Q. Recently, as most seniors in karate, know of your recent illness and your bereavement. You appear fit and well. Is this the case?
RC. Yes, physically very well for my age. However, I’m deeply upset by the EKGB, which didn’t even send a letter of condolence when my wife passed away in December 2002. FEKO and other groups around the world sent their support but not the EKGB. This hurt and made me feel very sad and I will not forget it.
Q. Was the past all bad?
RC. No, I have many many special memories of events and friendships from my involvement in the martial arts over more than half a century. I could fill this magazine with names of those I admire but want to mention just a few and hope that those I miss will not feel slighted. I start with the late and great Colin Williams and also the late Gary Spiers. Both dear and sadly missed friends. Thankfully still with us are Eddie Daniels, Eddie Cox, Pete McDowell and Kelvin Alleyne. In Scotland, Tommy Morris and Hamish Adams, in Northern Ireland, Oliver Brunton. In England, Ticky Donovan, for his innovation and success. I believe him to be the best team manger in the world. No Japanese has every equalled his record and no one will be prouder than me when Ticky leads our team into the Olympics. Also, the current FEKO Chairman, Brian Philcox. At this point I’d like to make special mention of two fine karateka from the Sei-Bu-Kan Kokusai Kyokai, Bill Evans and Trevor Streets. Both of whom helped me through the worst times of my life.
Q. What are your views on the current state of Karate?
RC. Politically karate is still in turmoil. To my eyes nothing has been resolved in the last thirty years. The vested interest of a small but determined group of business men who are trying to protect their professional interest in karate as a marketable commodity is still rife.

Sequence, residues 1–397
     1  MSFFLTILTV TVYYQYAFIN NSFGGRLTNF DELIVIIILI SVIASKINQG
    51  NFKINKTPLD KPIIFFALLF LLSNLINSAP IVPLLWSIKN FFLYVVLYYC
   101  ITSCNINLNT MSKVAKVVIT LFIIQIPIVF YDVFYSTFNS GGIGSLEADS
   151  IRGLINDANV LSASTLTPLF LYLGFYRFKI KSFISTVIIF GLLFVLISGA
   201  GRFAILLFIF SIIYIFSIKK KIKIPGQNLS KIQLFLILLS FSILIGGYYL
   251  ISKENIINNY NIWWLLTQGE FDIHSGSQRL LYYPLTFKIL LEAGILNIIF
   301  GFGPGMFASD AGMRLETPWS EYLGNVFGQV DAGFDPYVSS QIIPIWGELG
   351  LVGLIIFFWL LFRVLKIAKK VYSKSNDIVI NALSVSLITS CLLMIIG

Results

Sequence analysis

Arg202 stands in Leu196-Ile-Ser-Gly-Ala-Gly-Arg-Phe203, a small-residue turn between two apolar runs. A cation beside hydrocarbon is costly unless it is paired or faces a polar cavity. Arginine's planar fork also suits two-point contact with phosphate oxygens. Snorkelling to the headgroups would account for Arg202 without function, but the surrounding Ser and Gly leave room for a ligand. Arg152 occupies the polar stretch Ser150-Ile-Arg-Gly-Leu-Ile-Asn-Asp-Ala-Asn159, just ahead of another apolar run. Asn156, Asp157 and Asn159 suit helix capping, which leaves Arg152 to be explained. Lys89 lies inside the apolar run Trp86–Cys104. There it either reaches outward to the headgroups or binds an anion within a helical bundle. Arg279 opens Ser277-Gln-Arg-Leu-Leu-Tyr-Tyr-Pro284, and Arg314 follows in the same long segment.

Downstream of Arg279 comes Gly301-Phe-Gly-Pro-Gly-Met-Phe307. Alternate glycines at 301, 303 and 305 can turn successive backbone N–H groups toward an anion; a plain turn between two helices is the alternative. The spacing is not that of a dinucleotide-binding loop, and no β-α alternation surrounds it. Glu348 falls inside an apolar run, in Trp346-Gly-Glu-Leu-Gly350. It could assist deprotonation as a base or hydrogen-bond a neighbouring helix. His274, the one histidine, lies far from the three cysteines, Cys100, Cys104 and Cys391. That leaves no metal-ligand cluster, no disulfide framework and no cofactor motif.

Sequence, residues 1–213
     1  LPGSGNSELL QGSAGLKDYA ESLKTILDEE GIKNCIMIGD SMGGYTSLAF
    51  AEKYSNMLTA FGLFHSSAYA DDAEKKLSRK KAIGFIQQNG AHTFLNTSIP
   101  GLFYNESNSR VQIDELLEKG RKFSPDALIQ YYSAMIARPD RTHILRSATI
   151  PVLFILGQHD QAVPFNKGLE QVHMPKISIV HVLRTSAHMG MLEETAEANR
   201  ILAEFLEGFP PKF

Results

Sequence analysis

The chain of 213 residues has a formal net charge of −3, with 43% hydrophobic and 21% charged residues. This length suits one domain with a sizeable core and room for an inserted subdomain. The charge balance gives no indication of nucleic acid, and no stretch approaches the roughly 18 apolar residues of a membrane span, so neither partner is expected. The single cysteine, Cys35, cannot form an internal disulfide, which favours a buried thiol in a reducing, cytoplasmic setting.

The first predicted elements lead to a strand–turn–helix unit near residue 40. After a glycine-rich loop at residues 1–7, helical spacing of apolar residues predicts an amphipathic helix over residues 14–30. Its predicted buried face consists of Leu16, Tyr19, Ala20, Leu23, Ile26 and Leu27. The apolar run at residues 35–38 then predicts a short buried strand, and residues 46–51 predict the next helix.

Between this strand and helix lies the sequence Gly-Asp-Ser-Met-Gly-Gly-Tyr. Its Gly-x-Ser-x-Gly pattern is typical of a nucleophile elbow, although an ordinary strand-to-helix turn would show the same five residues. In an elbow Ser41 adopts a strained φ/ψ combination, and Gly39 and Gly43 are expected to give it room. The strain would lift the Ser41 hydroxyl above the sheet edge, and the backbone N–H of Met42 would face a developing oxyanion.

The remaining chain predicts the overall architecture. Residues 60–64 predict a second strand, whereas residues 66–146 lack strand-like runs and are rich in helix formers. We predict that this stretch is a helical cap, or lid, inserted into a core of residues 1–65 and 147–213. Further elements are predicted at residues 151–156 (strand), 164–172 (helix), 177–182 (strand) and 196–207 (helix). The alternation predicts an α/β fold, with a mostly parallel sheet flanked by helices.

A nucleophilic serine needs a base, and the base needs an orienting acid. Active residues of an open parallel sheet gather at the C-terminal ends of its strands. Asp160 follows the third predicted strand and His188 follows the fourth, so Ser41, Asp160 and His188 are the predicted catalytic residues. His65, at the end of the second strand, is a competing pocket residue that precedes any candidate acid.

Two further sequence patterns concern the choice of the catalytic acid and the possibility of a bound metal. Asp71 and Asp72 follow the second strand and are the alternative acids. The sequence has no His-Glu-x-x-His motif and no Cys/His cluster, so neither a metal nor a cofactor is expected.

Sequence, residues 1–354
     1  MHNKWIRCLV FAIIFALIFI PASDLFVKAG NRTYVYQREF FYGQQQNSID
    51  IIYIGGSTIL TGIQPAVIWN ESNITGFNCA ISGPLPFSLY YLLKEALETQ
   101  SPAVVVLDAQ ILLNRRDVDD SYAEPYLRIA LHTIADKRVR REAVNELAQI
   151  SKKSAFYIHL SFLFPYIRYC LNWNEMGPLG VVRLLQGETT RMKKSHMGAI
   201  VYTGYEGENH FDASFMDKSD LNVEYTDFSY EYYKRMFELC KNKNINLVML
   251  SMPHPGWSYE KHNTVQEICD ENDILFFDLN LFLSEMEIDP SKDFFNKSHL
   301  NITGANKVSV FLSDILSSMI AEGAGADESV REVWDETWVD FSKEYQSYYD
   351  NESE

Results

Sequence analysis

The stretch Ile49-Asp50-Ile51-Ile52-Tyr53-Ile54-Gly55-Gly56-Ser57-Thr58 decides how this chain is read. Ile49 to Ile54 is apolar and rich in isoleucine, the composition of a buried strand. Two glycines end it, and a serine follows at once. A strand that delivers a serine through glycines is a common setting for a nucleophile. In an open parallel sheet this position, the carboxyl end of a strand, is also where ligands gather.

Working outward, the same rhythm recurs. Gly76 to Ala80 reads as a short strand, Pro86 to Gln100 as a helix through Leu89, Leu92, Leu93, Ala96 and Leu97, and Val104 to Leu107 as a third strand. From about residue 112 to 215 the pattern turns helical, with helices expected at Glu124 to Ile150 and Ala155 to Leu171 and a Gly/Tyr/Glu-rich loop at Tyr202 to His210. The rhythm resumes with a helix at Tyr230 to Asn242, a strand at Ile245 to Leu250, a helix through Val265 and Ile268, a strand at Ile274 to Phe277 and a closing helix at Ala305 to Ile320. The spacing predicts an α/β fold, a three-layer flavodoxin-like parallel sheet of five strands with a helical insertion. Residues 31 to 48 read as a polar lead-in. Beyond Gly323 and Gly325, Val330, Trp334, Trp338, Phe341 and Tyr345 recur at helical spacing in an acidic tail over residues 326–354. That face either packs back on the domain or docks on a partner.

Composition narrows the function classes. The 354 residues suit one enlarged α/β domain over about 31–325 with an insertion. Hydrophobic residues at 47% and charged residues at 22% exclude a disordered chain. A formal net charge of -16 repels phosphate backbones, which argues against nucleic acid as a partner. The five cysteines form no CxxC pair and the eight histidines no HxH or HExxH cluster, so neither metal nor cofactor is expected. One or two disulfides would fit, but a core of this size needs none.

Q. What about the physical standards?
RC. In answering this question I take the physical to be the combination of the mind, body and spirit, as with all budoka, this should be one. I believe there are two separate directions in front of us and it’s now coming to a head to decide whether we are following one of the other. On the one hand is the athlete following sport karate and on the other karateka following traditional karate. The sport karate will enter the Olympics and produce the first super athletes. I, for one, look forward to seeing them. Those who claim to be following the traditional route are in many cases, struggling to re-establish themselves with the past. There is a category of bewildered karateka who because of the swiftness of the progress of sport karate and the loss of the connection with their own traditions feel themselves uncertain and with a lack of direction. In the next two years we will see a polarization of the two paths of sport karate and traditional karate. The sport karate will embrace the Olympic karate and eventually lose the style origins and become homogenised around the WKF rules. In the traditional world we will see a race to re-invent themselves and link themselves with the past. This is not new. Many in the west try to link back to Japan. Many in Japan try to link back to Okinawa. Many in Okinawa try to link back to China. In China they try to link back to India